Reprinted, with permission, from The Eighteenth Century Club, October 30, 2021.
John McWhorter, “I’m With Condoleezza Rice About White Guilt,” New York Times, October 29, 2021.
As someone who was a strong supporter of Martin Luther King, Jr. and racial equality when that was not a popular position to take, and as an educated person who knows something about other countries and about history, I believe that the whole “white guilt” trap is a false path for African Americans, Native Americans, Latinos, or anyone else to pursue.
The “white guilt” trap places the emphasis on victimhood, not the triumph of individual self-achievement. It tries to make white people feel personally guilty for the “sins” of their ancestors, who may have been people who in many ways were good people but who lived in an age in which social injustices—and not only those related to race—were commonplace, a part of the social structure of the times.
The Greeks and the Romans lived in ages in which slavery was common. The inhabitants of other states, even Greek city-states, which had been defeated on the battlefield, were enslaved by others of the same ethnicity in Athens, Rome, and many other places. By current standards, great injustices were committed. Yet should current-day Greeks and Romans feel guilt over the crimes of their ancestors?
More recently, the Germans who lived during the Third Reich under Hitler (1933-1945) committed abominable crimes, including the extermination of the Jews. Are Germans who were children or not yet born during those years guilty of the sins of their fathers and mothers, or ancestors?
The Question of German Guilt* throws a bright light on the Question of White Guilt in America. Should a child or a descendent of a war criminal or someone guilty of crimes against humanity ever be considered to be guilty of the crimes of their parents or ancestors? Or to bear guilt for those crimes?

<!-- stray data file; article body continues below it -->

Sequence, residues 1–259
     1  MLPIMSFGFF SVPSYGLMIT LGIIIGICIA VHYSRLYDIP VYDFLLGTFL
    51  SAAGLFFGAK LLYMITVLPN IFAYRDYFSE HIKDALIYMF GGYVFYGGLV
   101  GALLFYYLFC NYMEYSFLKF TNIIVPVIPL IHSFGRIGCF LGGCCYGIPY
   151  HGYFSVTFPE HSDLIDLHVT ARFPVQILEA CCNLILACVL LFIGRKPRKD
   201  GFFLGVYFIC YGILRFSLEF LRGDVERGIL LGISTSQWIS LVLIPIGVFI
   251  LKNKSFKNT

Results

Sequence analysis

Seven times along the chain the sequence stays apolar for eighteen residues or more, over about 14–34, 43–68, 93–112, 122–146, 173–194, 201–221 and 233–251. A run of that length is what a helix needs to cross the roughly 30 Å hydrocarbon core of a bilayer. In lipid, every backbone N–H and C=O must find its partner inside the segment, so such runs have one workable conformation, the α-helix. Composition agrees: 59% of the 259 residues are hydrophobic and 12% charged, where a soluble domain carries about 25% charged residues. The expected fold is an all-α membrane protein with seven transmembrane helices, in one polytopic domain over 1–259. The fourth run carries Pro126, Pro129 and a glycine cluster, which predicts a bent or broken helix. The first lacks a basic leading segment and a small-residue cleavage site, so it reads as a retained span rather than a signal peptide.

Is a German today to be viewed as guilty, as responsible, for the sins of Germans who are dead, when they themselves did not take part in the commission of any crimes?
Do we believe in ethnic guilt? That one may be guilty because of the genes one bears? Of genetic guilt?
Any arguments in favor of such propositions would be preposterous, and also lay the basis for endless ethnic conflict and war.
Those who seek to make whites in America feel guilty for the actions of their forebears, in which they themselves took no part, are prophets of a false path. Following that path, while it may benefit some in the short run (e.g., academic proponents of such theories), will in the end only foster ethnic conflict, and persuade individuals they are victims, instead of focusing on their enormous potential for self-achievement.
Institutions and practices that express current racism should be opposed, and reformed. Programs aimed at helping those particularly disadvantaged by past racism, including racism against Native Americans, should be supported.
But this should be done within a broader framework which does not rely on white guilt for its motivational force.
Social programs to help disadvantaged members of society, including white individuals, should be based on empathy and our shared sense of humanity. In a democracy, they should also be based on the ultimate power of individuals to vote.
Spirit of Voltaire
*See Karl Jaspers, The Question of German Guilt (1947), a translation from Die Schuldfrage, originally published in German in 1946.